As data security grows more important across the cyber world, so too has the need for IT workers with security skills to work at data centers. Ellyne Phneah wrote on ZDNet that companies are now looking for employees with a more cross-functional skill set to help work in data centers, especially as IT operations become more central to business objectives. Specifically, there is an especially strong demand for IT workers with security and Linux know-how.
Ng Tock Hiong, CTO for Cisco Singapore, told Phneah that data centers were run differently and had specialized functions such as storage, networking and applications that were conducted independently. There was minimum collaboration and these areas were siloed, as not many companies had full collaboration across the organization.
"Virtualization, however, changed the dynamics of data center management by unifying applications, networks, storage, and servers," Phneah wrote. "The integration demands a holistic skill set as IT becomes embedded in business activities, he explained. For example, a person who is skilled in application development will now have to understand how the software is linked to the backend and the related implications."
CR Srinivasan, vice president of global product management for data center services at Tata Communications, told Phneah that when it comes to hiring a new data center employee these days they need to have an understanding of the technology around them, what kind of security is needed and specific areas of expertise. Employees also need to have a nose for the current issues, Srinivasan said, such as knowing how to deal with running out of space, cooling challenges and the management of the facility.
There are a number of new data center security technologies that are coming out now to help make the jobs of these workers easier, including smart cards, IP cameras and security control platforms, according to TechTarget. Corey Needles, data center manager at Latisys told the website that in terms of looking at new technology, companies should do this every year to 18 months, which means companies need to be hiring IT workers who are forward thinking and always looking to expand their knowledge base.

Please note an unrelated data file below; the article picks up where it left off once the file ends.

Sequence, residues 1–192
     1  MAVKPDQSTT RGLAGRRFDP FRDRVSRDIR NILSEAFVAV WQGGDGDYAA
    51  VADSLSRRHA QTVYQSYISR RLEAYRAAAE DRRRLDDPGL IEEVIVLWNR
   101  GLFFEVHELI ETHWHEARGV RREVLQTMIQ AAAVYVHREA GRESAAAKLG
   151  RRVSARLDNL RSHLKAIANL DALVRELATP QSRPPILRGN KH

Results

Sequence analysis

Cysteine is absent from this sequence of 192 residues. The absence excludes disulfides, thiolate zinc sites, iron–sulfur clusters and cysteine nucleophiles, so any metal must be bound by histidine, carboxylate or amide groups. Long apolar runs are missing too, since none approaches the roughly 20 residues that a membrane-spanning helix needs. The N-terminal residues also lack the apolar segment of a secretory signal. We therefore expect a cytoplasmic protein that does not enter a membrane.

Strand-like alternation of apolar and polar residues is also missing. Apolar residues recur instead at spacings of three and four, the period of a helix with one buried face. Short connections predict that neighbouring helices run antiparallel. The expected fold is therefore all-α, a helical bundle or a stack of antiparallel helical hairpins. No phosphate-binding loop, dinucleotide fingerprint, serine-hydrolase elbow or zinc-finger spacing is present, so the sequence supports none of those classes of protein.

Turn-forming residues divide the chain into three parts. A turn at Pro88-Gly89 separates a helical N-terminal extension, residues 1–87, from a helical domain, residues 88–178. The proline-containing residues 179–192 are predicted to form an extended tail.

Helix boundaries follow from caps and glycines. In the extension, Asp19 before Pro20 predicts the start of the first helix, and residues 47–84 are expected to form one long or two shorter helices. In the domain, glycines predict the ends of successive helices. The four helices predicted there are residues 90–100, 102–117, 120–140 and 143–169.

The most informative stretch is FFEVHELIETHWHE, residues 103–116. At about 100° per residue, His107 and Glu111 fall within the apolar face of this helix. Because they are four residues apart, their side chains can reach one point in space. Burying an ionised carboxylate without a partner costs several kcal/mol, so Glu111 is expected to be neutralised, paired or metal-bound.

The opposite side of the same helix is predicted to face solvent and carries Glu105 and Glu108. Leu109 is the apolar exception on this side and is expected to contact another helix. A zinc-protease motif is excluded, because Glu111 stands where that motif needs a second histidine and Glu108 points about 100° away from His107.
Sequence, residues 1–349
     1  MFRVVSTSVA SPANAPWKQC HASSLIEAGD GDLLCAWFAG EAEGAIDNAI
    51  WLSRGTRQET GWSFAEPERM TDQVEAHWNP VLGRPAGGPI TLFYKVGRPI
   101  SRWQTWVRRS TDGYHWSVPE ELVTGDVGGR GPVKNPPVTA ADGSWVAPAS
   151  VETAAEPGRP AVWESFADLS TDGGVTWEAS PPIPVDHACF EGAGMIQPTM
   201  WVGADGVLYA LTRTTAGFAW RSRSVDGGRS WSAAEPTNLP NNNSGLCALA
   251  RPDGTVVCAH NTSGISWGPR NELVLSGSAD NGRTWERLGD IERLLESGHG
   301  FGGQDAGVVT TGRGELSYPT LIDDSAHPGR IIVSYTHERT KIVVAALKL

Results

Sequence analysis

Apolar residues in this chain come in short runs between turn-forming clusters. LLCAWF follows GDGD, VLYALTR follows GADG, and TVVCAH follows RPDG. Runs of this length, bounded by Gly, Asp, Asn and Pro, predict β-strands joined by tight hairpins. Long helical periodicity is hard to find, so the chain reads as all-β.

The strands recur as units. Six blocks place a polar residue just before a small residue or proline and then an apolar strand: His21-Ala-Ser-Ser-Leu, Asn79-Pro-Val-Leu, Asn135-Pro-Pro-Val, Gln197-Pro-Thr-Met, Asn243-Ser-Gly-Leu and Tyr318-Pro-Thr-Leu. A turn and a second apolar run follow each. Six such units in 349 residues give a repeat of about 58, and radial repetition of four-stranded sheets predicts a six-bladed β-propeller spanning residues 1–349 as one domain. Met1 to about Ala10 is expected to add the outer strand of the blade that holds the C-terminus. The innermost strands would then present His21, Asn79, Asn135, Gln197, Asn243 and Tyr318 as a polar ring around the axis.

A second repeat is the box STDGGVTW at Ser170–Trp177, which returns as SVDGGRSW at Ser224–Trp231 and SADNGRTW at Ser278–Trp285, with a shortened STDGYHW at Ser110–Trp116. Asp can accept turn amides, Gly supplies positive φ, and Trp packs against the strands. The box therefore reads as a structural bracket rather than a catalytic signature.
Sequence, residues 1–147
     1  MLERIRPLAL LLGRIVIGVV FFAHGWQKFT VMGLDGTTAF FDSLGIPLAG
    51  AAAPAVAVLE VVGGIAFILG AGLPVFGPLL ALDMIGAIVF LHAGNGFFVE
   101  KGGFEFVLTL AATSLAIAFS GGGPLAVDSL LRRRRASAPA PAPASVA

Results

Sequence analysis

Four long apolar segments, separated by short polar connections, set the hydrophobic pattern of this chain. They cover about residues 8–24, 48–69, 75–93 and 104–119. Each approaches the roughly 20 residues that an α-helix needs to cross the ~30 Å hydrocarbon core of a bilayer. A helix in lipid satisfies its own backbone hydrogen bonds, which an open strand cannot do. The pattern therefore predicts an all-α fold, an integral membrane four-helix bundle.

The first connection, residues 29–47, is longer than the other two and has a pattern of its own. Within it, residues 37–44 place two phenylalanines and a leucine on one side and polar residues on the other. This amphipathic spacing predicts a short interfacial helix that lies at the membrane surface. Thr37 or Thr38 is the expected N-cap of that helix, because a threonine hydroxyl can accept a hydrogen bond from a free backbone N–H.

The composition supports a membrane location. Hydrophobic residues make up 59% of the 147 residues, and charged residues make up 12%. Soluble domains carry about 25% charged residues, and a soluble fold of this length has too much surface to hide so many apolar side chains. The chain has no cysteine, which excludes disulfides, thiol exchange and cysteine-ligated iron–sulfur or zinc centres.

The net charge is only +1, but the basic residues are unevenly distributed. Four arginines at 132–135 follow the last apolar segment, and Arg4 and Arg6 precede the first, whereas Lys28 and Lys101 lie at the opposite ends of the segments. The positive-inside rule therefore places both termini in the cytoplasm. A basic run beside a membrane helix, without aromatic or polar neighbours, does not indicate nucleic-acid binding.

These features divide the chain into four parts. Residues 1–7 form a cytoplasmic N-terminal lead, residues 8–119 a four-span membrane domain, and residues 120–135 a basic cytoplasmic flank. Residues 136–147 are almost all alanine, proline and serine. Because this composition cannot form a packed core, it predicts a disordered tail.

Linux an important skill to have
According to the 2012 Linux Job Survey and Report by Dice, 63 percent or recruiters are looking for those with Linux skills. About 85 percent of these managers said finding people with this skill is not easy, however, so there is certainly room for those in IT careers to learn more in an effort to get hired into these jobs. Phneah wrote on ZDNet that IDC reported that Linux will be one of the two primary operating systems in the cloud and open source technology will increase just how important it is, as one big reason why Linux is such an important skill to have right now.
Linux is only one of many skills that data center employees will need in the future, as Ng told Phneah that the challenge will now be to accelerate the time required to enhance the skill levels of workers, especially when it comes to being sure security is well in place.. Educational institutes working with IT departments is one way companies can help make things go a bit more smoothly when dealing with employee retention.
With all of these new skills needed, there are new expectations for the data center staff, according to what Adriaan Oosthoek, managing director at TelecityGroup UK, wrote on Data Center Dynamics.
"In the past ten years, the industry has enjoyed extraordinary growth," he wrote. "And as the world becomes ever more 'connected' the role of the highly-connected data center as the enabling environment for the digital economy becomes ever-more important. As a result, the roles and expectations of data center managers and engineers have evolved – reflecting the critical importance of our services to our customers' businesses."
It recently became clear, Oosthoek said, that greater efficiencies could be achieved by making sure data center employees can each specialize in a specific area. While he admitted that it's nice to have a jack-of-all-trade on staff, there are some people that are far more accustomed to working with one particular area or skill than others and companies should look to leverage such strengths. Some data center workers may be able to work well with their hands while others could be more adept at working in a customer-facing position.
The key to bringing the next generation of the data center staff is to work alongside educational institutes and make sure companies spell out what skills they demand so young workers can become specialized in the well-needed areas, according to Oosthoek.
"It is essential that this expertise is captured and fed more widely into university education as soon as possible to ensure the data center industry can utilize the appropriate skills to sustain growth in the future," he wrote on Data Center Dynamics. "Only through the on-going development of IT skills will we be able to continue to deliver the level of service our customers expect, reflecting the critical importance of the role of the data center manager and engineer in today's data center industry."
Data Security News from SimplySecurity.com by Trend Micro.